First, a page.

9.  Wake up early, stay out late (Golden hour)

If you shoot outdoors then you definitely want to take this advice.  Just by being out during the golden hour, which is an hour at sunrise and an hour at sunset, it opens the door to many more photo opportunities.  The light is soft and warm and not harsh like it is during most of the day.  Your pictures will look a lot more interesting when they are taken during these times, which in turn will make you want to go out and take more photographs.  I take most of my pictures during the winter because the days are shorter and it is easier to get out at these time because they are at more reasonable hours.  During the summer the days are long so the sun rises early and sets fairly late, which are the times that I am not out and about.  I think it is definitely worth getting up early or staying out later to catch this time of day though.

10.  Travel

Travel to a new place, it can be either really far away or just to a new city.  By doing this you will see the place with fresh eyes and will be able to come up with more photographs then if you were just shooting in your regular areas.

There are many more ways to stay motivated in photography than this but I believe this is a good start.  I think the main reason people get unmotivated is because they are not doing everything they can to stay creative.  For this I would recommend Steven Pressfield’s book: The War of ArtIn this book he talks about overcoming resistance and fighting to not become mediocre, but to become what we are called to do.  Don’t be afraid to work past the fear and don’t be afraid to succeed.

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Vision Statement

My vision statement:

To capture ordinary, everyday subjects in a way that makes them meaningful in that specific moment in time.

Everyone should create their own vision statement to help guide their photographic goal.  Everyone sees the world differently and can create an image that no one else would be able to see in the same way.  Creating a vision statement will help you to focus your attention to get images that convey what you are trying to share with the world.  Everyone has their own experiences in life that shape how they will photograph a scene.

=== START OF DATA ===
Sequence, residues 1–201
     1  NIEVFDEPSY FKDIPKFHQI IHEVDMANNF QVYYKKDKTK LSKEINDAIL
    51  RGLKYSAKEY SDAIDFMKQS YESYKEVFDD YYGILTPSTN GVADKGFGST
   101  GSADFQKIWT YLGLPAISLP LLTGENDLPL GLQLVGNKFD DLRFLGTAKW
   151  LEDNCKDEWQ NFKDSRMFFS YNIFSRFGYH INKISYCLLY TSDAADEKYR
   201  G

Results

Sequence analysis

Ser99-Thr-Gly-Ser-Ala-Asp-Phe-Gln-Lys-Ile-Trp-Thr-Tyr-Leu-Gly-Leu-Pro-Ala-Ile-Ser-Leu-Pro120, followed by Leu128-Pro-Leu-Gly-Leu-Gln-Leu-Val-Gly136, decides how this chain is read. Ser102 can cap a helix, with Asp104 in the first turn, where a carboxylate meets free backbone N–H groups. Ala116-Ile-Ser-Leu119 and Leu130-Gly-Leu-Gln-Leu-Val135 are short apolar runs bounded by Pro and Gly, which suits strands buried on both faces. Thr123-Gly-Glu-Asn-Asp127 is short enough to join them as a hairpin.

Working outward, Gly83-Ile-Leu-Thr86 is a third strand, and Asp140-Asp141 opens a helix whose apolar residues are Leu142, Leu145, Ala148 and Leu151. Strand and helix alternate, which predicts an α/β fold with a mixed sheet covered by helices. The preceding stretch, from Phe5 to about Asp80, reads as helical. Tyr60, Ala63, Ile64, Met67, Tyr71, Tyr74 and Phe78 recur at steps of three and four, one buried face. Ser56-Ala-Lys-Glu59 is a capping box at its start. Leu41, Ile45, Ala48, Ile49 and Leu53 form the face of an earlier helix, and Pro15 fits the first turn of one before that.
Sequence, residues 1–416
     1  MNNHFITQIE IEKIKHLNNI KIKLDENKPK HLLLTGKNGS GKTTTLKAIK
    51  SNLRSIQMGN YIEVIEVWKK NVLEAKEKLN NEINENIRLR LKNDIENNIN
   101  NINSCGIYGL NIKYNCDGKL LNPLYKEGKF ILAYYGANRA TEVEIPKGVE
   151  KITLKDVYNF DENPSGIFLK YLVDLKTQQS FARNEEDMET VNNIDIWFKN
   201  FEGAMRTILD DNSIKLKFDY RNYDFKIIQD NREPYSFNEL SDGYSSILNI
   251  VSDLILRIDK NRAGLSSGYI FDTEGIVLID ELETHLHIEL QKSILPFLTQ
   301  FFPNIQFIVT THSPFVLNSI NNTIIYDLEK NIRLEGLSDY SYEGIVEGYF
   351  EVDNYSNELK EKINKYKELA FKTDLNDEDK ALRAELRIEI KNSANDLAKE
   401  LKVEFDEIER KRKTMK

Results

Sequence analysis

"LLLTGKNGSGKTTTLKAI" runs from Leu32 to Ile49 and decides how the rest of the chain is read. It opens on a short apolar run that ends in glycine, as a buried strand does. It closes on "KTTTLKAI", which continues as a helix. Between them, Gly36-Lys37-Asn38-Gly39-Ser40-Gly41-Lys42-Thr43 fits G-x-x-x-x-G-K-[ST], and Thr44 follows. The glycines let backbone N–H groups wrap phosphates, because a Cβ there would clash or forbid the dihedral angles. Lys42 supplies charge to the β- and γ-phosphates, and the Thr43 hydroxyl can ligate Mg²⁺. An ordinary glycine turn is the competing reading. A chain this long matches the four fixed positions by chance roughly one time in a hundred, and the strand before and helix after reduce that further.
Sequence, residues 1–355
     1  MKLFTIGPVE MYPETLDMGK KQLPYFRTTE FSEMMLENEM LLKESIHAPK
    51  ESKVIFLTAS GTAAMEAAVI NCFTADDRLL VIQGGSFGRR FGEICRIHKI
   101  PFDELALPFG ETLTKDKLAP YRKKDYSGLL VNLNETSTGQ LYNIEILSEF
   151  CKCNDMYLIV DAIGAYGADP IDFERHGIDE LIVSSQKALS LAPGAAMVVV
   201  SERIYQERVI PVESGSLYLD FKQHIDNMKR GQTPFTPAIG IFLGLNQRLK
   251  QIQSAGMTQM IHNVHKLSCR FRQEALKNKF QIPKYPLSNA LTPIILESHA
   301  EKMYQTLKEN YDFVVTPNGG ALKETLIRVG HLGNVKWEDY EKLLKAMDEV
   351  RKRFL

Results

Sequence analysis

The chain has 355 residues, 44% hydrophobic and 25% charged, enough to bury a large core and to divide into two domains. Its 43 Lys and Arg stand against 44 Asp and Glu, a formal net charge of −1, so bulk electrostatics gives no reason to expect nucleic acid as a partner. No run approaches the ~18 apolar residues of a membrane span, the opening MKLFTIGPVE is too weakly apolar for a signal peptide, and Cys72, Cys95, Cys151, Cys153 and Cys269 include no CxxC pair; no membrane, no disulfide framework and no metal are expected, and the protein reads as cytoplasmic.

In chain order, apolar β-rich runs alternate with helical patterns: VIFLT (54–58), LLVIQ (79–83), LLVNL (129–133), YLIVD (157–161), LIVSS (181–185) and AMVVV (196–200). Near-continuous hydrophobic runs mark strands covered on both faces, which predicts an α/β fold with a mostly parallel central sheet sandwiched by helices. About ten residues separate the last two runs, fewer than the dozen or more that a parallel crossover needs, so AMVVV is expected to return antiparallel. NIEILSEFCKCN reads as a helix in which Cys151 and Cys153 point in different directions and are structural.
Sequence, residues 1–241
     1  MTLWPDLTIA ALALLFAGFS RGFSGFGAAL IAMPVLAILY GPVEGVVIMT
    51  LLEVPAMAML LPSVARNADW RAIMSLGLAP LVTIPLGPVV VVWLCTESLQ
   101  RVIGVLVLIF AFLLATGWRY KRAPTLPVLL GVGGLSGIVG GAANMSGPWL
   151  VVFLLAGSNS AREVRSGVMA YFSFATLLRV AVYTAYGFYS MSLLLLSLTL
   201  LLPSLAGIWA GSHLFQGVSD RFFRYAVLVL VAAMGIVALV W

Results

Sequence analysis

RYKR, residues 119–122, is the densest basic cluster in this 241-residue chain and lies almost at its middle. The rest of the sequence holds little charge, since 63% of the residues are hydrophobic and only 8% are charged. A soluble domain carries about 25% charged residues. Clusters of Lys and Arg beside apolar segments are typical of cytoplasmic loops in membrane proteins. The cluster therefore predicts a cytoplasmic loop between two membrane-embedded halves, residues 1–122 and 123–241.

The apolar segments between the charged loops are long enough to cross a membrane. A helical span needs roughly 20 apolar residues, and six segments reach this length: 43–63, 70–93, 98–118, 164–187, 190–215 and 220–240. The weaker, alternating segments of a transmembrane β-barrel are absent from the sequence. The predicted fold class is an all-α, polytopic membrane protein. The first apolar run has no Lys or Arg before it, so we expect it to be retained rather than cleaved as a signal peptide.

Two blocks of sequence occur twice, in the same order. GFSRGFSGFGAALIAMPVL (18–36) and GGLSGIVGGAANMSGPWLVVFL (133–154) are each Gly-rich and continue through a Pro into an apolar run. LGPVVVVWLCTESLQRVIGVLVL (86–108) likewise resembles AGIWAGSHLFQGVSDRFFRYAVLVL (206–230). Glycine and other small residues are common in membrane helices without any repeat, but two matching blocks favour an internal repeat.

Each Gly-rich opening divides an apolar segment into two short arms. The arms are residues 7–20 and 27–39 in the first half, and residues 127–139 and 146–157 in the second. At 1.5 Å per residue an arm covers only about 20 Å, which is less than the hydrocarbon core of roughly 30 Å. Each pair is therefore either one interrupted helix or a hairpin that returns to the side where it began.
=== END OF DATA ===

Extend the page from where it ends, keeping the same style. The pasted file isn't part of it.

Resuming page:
I had never thought of doing a vision statement until I stumbled upon the website project52.org where you do an assignment to help your photography every week.  I think this was a great way to start the project to get people to focus on what they want to do photographically.  I highly recommend writing down a vision statement and trying to take a picture around your house that reflects you vision.  It is hard to think of one sentence to guide your photography but it is important to sit and come up with something.  My vision statement photo is of my baby playing the keyboard.  It is an everyday scene but with the use of depth of field and all the colors it makes this ordinary scene more meaningful and interesting.

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7 Tips to help your photography

1.  Keep shooting everyday

We all see the world differently and we should try to use the camera to show how we see it.  The more you take pictures the better you will be at using your camera to convey what you want out of a scene.  You will also be able to better see what lighting conditions will make a great photo.  In photography it is all about the light.  Not every photo you take will be great but even the best photographers have to take lots of pictures to even get a few keepers.  Photographer Henri Cartier-Bresson said that “Your first 10,000 photographs are your worst.”  Just get out and shoot everyday and it will pay off.  I took pictures of rigs for a whole year before I got one that I actually liked.

2.  Try to replicate great photographers’ work

If you can’t think of anything to take pictures of look at great photographers’ work online and  replicate it for learning purposes.  After a while you will eventually be able to forge your on photographic style.  I am still working on my own style and don’t think this process ever ends for photographers.  I think this is a great way to learn off camera flash.  You can usually tell what type of diffuser someone used by looking at the shape of the reflected light (either in the subject’s eyes or off of the object in the picture).  An example is when you use an umbrella to reflect the flash the highlight in the subjects eyes will be round.

3.  Think about what would make a great photo even without your camera

Whenever I am driving around or just out without my camera I always look around to see what could make a great picture.  By doing this you help develop your photographic eye.  There are also times when you will see an interesting location that you want to come back to later with your camera.

4.  Start a photo project

It can be anything like a 365 project where you take and post one picture a day or a 52 week project if you can’t handle everyday.  Or you can do a 100 strangers project where you take portraits of strangers so that you can get out of your shell and experience something new in your photography.  If you aren’t up for these then you can make almost anything into a project.  Some of my ongoing projects are pictures of fire hydrants and a photo project of the county I live in.  You can do a project of your daily life for a specified amount of time, like a year, and pick the best ones out to make a book out of.

5.  Organize your work

When you organize your work you will find that there are pictures that you have overlooked in the past that you like now.  These photos can become an inspiration for you to shoot more of that subject or start a new project building off of what you already have.  By organizing your work it will be easier to find and build your long term portfolio.  I have just recently bought Lightroom 3 and hope to get my photos better organized.